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YAKISUGI : A journey of discovery in an ancient wood preservation method

Dernière mise à jour : 24 oct.

Written by CELL Volunteer, Emilija Venckevičiūtė (2023)

To begin my volunteer experience at Äerdschëff , I reflected on a personal project I wanted to achieve. With all the possibilties, I was certain that I wanted to learn how to build things with my hands, preferably with wood. I had observed a cold looking metal container at Äerdschëff and after discussions with my supervisor, I was inspired to work on a project to make it more aesthetically pleasing.

And if I could build it?

Initially, I was convinced it would be too big of a project on my own since I had no experience in such tasks. Luckily, the other volunteers had the same interests and so we decided to step into cladding together. The purpose of cladding is to protect a building's structure from natural elements like wind and rain but it can have other benefits, such as insulation, noise control and to create the aesthetic appeal of a building. Our desired result was to make the container look more beautiful, and to acquire new building skills.

While looking for information about cladding, we found the concept of Yakisugi/-Shou Sugi Ban. It is a traditional method of using fire to preserve the planks, improve their weather resistance performance, prevent decay, rot, and insect infestation. There are two ways to use the fire for preservation. The first way is to use a gas splitting machine and burn the wood directly until you reach the desired look. The second, traditional method - boards of are bound together to form a triangle/chimney. After binding the boards tight, fire is lit on the very bottom with some paper. We let the fire burn for a few minutes. After we wash the planks with cold water, clean them with the brush and cover it with oil.

Our first look at the metal container generated a discussion on how to attach the wood to the metal panels. We needed to understand different possibilities such as welding, connecting screws with metal and woodwork. We started to watch many videos on the internet to find as many options as possible. We got excited about the idea of learning how to weld. It took few days to decide, longer than expected but in the end, we decided to screw the holes into the metal, as it was a cheaper and more solid option.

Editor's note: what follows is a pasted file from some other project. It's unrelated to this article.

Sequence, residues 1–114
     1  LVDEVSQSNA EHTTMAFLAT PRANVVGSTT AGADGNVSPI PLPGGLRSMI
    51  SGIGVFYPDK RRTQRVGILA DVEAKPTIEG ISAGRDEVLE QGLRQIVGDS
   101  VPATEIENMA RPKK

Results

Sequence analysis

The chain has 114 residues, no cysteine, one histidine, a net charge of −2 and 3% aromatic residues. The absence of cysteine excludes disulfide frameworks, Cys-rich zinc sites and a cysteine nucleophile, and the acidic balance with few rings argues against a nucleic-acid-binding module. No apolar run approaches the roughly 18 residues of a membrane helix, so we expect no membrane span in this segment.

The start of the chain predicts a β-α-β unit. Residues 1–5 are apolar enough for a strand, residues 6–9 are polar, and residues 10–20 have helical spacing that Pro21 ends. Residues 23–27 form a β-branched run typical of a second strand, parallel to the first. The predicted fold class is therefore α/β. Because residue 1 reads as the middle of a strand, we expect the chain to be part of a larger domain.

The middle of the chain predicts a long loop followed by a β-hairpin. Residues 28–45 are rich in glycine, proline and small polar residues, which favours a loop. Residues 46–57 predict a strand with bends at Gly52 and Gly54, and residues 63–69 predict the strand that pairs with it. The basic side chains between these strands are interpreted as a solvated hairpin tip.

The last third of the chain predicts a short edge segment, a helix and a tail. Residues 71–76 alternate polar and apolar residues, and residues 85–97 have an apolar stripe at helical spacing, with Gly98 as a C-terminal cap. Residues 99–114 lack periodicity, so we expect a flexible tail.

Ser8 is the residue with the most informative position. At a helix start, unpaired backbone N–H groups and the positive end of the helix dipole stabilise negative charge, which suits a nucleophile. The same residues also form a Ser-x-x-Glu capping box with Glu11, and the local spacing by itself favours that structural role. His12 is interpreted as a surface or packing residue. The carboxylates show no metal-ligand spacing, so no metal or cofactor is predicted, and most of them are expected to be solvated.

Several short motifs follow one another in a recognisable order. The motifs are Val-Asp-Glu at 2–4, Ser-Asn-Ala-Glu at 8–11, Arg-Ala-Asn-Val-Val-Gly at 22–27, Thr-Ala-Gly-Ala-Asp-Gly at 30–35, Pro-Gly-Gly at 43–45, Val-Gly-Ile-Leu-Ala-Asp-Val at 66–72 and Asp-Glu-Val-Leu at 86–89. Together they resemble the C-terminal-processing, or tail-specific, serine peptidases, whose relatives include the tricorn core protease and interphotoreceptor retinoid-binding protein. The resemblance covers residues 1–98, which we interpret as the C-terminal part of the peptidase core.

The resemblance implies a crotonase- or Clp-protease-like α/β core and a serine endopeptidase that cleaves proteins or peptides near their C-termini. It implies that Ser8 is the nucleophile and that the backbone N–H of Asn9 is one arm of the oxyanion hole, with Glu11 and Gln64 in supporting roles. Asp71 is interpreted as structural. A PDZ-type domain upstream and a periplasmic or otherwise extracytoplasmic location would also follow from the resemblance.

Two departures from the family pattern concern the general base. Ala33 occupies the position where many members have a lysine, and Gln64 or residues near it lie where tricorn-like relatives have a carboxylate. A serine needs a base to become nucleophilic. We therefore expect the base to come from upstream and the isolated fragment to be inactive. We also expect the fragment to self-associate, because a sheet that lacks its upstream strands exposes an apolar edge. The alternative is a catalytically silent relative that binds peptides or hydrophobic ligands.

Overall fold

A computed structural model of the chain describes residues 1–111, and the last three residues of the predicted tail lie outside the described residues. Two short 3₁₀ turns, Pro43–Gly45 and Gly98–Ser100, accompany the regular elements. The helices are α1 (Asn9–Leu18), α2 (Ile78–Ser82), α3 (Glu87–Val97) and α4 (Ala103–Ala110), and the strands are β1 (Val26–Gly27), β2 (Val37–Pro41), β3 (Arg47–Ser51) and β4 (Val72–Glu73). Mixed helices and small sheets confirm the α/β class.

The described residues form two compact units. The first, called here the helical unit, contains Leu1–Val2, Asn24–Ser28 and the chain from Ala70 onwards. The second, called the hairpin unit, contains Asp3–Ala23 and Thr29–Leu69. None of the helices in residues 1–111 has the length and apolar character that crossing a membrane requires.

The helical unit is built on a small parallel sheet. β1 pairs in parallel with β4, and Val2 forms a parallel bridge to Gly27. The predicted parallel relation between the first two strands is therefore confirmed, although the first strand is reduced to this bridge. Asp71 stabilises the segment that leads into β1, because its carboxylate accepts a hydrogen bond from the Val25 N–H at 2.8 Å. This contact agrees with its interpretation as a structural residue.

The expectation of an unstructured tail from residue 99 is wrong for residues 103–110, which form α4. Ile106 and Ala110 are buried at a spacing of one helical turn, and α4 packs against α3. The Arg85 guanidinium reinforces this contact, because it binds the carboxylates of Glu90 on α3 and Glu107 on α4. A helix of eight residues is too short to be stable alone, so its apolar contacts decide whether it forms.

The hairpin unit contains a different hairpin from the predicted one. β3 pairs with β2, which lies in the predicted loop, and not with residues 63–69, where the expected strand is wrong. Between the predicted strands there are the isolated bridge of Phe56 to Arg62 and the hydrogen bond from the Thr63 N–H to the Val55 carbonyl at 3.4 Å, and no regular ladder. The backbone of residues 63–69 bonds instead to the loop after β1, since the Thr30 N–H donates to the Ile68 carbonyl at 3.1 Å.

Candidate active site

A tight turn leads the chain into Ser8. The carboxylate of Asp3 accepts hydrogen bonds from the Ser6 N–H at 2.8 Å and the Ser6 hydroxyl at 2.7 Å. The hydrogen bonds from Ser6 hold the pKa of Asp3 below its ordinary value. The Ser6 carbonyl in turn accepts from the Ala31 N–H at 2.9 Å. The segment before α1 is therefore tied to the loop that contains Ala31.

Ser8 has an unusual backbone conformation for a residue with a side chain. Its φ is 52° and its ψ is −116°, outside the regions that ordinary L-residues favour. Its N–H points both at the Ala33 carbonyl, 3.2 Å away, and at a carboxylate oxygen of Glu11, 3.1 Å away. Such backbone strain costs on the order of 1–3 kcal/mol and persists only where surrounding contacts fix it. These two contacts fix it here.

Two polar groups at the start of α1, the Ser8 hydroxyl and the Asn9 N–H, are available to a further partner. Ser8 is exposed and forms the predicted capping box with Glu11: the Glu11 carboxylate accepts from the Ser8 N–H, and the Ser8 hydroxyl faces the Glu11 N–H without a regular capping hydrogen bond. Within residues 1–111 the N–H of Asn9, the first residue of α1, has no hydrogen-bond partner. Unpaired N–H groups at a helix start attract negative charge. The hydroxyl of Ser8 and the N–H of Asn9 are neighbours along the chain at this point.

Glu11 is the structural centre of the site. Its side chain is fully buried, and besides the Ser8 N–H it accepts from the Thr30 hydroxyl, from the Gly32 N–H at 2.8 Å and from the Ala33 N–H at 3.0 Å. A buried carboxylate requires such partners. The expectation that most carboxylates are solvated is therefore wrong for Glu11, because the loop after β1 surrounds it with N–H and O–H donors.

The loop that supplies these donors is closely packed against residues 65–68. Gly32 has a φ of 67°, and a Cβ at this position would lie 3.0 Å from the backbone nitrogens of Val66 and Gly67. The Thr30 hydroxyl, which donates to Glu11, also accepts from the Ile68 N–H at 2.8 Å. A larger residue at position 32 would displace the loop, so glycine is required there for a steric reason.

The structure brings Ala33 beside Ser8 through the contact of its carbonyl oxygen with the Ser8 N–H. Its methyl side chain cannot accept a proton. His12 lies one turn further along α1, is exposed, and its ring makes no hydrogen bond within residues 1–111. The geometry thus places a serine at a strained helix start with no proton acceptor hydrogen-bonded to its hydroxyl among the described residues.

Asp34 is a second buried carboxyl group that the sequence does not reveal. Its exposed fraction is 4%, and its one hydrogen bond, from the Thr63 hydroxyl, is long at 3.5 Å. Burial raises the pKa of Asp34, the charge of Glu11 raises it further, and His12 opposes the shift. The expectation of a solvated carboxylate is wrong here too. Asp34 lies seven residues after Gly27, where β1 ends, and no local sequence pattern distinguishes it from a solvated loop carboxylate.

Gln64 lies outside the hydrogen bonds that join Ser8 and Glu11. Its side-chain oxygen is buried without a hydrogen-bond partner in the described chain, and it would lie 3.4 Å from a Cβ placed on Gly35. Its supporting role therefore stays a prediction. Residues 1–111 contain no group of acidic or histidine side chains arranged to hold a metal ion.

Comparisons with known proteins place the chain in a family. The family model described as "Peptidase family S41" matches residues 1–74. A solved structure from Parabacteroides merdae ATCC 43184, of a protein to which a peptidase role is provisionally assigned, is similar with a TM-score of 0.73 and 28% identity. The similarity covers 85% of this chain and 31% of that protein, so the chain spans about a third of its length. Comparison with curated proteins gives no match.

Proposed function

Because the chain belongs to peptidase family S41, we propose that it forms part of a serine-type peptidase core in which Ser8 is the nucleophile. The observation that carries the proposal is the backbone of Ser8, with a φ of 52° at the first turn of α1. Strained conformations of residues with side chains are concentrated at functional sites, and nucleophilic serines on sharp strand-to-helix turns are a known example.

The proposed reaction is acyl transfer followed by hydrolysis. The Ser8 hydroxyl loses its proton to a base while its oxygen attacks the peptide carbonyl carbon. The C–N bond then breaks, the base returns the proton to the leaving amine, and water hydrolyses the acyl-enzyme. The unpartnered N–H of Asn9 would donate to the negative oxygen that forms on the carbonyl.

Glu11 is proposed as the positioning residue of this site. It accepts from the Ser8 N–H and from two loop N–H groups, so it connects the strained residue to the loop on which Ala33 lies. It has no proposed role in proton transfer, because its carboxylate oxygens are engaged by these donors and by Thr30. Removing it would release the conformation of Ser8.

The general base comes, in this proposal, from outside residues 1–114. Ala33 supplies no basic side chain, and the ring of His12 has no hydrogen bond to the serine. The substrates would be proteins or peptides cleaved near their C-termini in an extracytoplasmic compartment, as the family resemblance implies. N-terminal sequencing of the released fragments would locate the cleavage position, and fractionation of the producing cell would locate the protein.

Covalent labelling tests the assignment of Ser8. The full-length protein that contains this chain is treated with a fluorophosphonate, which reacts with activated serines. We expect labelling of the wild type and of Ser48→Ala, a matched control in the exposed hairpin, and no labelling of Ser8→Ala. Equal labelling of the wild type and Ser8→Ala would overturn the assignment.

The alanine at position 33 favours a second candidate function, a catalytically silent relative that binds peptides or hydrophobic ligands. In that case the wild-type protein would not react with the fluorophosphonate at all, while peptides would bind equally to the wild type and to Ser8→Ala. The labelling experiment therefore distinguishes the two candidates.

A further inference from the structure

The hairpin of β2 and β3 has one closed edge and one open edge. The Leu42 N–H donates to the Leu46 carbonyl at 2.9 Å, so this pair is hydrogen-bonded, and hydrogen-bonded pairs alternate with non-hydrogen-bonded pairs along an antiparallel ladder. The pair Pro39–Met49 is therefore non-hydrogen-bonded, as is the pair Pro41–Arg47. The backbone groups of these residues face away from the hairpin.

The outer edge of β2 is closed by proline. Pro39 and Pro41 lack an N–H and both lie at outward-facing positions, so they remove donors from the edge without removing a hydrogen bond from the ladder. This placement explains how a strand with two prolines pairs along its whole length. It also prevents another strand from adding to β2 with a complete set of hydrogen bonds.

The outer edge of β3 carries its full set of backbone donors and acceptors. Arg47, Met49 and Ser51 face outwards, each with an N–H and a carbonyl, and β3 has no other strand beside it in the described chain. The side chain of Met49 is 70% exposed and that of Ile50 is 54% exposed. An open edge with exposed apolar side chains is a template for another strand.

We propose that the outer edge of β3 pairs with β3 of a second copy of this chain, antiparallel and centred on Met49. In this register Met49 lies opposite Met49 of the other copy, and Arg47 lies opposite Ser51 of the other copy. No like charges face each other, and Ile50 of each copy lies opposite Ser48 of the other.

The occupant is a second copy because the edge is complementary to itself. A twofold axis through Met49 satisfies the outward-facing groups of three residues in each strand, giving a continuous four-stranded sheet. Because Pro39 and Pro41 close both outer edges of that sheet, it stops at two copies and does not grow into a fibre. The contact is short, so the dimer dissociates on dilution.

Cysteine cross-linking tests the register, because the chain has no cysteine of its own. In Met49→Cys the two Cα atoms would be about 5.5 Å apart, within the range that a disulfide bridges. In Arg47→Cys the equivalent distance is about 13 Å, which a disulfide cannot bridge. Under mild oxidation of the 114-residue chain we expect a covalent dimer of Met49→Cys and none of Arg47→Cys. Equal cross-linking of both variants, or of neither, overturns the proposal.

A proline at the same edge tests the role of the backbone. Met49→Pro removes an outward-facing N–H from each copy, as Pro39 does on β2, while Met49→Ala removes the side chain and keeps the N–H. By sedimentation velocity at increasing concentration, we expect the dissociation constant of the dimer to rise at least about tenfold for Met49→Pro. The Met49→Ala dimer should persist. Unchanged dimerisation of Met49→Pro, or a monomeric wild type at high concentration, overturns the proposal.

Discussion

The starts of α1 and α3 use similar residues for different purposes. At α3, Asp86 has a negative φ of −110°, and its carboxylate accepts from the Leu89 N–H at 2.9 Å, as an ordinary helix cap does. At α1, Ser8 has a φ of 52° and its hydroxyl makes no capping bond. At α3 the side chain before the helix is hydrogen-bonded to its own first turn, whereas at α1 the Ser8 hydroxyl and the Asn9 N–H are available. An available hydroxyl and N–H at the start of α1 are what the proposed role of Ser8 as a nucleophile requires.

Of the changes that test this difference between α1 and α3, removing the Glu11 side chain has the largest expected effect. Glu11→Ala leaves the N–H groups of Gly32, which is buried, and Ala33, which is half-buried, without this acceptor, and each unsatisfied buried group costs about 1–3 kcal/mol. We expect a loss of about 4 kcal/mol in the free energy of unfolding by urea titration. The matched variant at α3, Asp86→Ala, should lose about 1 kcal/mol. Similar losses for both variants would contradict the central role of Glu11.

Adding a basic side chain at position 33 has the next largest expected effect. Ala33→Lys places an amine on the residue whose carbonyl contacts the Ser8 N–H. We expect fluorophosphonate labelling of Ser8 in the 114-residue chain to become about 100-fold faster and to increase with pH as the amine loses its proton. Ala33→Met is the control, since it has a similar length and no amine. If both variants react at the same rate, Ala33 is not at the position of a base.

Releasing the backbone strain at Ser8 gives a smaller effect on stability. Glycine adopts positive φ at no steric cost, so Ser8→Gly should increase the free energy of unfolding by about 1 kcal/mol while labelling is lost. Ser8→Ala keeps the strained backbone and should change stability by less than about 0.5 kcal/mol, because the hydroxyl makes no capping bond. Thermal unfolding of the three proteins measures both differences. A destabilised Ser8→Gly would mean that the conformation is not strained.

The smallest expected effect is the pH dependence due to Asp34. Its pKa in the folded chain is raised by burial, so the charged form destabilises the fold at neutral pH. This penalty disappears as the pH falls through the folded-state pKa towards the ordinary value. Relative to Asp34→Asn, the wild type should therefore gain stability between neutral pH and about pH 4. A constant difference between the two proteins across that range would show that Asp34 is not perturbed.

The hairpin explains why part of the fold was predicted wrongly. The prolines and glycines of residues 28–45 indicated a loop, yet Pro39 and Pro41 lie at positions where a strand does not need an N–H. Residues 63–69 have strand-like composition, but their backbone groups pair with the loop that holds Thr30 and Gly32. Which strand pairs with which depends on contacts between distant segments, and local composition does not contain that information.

Sourcing materials

The next step was to calculate our required materials. How much of the wood do we need versus how much wood do we have? My experience with math was from school and I had forgotten most of it. However, I was lucky in that my teammate had strong math skills. She showed me how to calculate materials, which was challenging for me, but we eventually finalized our required amounts.

At Äerdschëff there was a shed containing unused wood and various materials. This is where we started our search, attempting to use as much reclaimed wood as possible before purchasing new materials. This took some time as it was hard to foresee what was right, what fit and what was usable quality. There was enough fine quality wood in the shed for two of the layers on the wall! The third layer would require us to buy the materials.

The next big challenge was to determine how to cut the wood into rip cuts. Can we use the tools that we already have, or do we need special ones? Using our existing tools seemed dangerous for such long cuts as we had so little experience using the machines. After several discussions with our team, we realized that we can ask for help of the nearby school workshop! This required coordination with other volunteers to carry the wood planks to the school. In the end, there were a few mistakes with communication and cuts, but we had planks that we could actually screw on!